Ways To Start Labor At 40 Weeks – At 2 years old, my niece is nothing but adorable. But when he was ten days past his original due date in mid-June, my sister had other choice words to describe him. She loves being pregnant, but at the end of her third trimester, she can’t wait to get things started (and meet her first-born son). Like many mothers, her due date came and went without a visible contraction. And while overtime is completely normal, it can feel like your baby isn’t coming. Fortunately, there are safe and effective ways to help induce labor naturally—exercise is one of them.
Now, before we dive in, there is one thing you should know. “There aren’t any exercises that have been proven to get women into labor if your body hasn’t already started the process,” explains Dr. Heather Irobunda, MD and Board Certified OB/GYN based in New York City. However, it can help prepare your body for what’s to come. “Typically, exercises help move your body from early labor to more active labor.” In general, this means that it can help induce labor by positioning the baby correctly as well as improving the mother’s alignment by “causing more weight on the cervix, which increases signals to the body and more specifically to the uterus.” Light cardio, such as walking, is one way to help promote this process. If you’re comfortable, he also suggests incorporating some low-impact movements like squats and lunges. You can also sit and roll on an exercise ball to help open your hips and “allow the baby to sit lower in the pelvis so the body knows it’s time to labor.”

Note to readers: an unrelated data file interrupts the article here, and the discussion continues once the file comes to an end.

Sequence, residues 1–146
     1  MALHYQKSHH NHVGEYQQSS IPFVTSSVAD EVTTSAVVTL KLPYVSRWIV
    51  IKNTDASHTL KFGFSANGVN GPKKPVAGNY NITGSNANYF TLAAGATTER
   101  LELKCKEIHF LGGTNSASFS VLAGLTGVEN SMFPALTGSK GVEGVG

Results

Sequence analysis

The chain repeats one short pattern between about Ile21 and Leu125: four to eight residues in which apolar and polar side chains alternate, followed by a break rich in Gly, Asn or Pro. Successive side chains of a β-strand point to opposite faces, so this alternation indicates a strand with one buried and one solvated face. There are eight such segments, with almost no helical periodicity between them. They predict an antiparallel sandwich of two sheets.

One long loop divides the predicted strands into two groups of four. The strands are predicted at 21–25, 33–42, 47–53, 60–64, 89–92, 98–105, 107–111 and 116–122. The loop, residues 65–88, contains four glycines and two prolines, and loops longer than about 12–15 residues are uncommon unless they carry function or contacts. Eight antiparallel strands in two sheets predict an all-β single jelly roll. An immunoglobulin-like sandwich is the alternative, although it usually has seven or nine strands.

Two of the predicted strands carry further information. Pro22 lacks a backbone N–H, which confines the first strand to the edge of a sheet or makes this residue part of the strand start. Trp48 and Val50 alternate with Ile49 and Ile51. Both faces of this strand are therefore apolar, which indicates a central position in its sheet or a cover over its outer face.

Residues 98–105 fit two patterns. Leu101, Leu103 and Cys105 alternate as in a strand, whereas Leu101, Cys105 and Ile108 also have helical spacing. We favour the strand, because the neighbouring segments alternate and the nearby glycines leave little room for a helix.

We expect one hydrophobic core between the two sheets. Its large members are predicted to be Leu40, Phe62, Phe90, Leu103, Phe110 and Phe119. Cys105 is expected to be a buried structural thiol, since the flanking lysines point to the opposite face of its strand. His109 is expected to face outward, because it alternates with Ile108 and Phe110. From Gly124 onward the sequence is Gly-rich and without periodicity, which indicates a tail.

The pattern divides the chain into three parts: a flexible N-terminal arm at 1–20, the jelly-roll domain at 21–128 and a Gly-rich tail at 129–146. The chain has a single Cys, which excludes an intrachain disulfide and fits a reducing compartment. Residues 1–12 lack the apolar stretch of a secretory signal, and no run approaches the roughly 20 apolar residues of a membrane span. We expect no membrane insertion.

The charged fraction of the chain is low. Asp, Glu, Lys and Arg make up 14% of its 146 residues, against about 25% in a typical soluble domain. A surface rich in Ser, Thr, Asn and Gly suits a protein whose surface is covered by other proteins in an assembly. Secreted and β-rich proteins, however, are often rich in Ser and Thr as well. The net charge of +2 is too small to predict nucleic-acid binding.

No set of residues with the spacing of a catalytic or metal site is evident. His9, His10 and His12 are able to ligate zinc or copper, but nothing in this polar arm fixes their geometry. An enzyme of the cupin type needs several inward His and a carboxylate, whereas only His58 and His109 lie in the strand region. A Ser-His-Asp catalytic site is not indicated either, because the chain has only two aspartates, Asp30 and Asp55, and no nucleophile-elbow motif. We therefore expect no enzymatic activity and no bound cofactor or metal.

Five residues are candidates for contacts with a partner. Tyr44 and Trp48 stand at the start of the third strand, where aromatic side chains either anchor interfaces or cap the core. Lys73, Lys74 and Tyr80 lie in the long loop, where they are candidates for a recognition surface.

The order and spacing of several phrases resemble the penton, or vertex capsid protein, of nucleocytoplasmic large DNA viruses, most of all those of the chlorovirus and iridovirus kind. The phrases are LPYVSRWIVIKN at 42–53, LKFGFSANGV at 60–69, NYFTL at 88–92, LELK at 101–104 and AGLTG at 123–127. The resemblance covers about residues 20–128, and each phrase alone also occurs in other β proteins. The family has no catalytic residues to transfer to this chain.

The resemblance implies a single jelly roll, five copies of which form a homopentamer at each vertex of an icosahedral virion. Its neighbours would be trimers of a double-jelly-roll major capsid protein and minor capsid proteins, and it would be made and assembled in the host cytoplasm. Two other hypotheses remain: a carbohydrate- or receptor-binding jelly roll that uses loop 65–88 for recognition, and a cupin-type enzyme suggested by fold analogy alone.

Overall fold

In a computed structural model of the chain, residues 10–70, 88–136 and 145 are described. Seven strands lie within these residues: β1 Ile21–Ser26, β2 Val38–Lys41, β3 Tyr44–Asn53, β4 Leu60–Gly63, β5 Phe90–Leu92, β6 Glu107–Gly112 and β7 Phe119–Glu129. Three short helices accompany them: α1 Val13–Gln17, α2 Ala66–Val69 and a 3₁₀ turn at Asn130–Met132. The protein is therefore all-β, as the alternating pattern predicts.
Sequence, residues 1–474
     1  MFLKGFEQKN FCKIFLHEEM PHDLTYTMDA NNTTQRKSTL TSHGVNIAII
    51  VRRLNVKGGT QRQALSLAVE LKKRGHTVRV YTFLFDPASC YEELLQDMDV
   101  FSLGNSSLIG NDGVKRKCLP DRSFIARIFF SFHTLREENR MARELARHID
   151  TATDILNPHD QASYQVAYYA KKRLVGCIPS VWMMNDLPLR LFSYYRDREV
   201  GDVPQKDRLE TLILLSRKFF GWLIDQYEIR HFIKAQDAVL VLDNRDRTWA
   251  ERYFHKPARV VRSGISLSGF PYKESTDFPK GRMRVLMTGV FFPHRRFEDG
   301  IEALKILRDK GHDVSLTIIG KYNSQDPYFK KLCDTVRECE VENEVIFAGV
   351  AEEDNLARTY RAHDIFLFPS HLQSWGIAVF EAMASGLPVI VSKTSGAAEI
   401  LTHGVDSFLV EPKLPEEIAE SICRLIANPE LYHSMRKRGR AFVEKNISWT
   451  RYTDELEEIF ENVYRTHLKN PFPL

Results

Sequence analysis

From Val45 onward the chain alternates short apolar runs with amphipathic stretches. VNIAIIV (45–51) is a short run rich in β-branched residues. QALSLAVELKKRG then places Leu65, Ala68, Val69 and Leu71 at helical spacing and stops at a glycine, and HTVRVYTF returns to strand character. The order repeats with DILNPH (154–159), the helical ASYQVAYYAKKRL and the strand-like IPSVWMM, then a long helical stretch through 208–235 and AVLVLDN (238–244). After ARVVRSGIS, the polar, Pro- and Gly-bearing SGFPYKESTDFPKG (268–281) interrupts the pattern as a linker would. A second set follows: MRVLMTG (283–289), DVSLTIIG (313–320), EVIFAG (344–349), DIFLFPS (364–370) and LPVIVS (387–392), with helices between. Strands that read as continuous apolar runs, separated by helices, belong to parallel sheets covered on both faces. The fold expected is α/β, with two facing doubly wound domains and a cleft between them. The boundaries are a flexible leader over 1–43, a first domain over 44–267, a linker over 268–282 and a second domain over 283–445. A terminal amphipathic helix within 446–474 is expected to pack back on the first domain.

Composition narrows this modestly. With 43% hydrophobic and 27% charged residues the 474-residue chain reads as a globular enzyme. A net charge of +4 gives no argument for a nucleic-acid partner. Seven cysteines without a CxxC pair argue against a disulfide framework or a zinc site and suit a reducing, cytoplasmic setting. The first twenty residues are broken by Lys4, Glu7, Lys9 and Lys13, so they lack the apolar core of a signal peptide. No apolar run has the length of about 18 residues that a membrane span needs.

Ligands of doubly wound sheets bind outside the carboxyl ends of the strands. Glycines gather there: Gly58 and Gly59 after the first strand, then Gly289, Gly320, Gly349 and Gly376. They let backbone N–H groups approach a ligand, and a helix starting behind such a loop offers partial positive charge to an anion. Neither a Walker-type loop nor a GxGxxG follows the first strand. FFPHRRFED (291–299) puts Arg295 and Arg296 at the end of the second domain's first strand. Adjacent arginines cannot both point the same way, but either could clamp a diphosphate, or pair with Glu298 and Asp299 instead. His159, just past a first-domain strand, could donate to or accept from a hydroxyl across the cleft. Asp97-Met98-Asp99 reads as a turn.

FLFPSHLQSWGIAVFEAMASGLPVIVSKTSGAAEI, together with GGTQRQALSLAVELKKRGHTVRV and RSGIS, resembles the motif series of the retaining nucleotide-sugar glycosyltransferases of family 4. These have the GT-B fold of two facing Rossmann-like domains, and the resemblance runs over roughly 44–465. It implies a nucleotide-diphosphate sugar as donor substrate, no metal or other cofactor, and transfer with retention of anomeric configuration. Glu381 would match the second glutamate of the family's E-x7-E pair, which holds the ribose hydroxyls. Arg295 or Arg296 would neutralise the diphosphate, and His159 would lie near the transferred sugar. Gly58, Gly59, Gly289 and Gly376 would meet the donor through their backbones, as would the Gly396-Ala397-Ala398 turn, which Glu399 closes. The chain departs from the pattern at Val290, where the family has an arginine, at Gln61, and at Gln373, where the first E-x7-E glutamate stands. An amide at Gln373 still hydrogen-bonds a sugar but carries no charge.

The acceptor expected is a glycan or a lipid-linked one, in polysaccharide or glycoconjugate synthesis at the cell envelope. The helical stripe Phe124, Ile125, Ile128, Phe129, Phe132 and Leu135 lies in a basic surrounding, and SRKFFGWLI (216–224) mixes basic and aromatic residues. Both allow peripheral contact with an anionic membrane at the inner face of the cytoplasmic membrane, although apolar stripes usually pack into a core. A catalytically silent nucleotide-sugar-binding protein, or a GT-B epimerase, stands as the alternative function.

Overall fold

Ways To Start Labor At 40 Weeks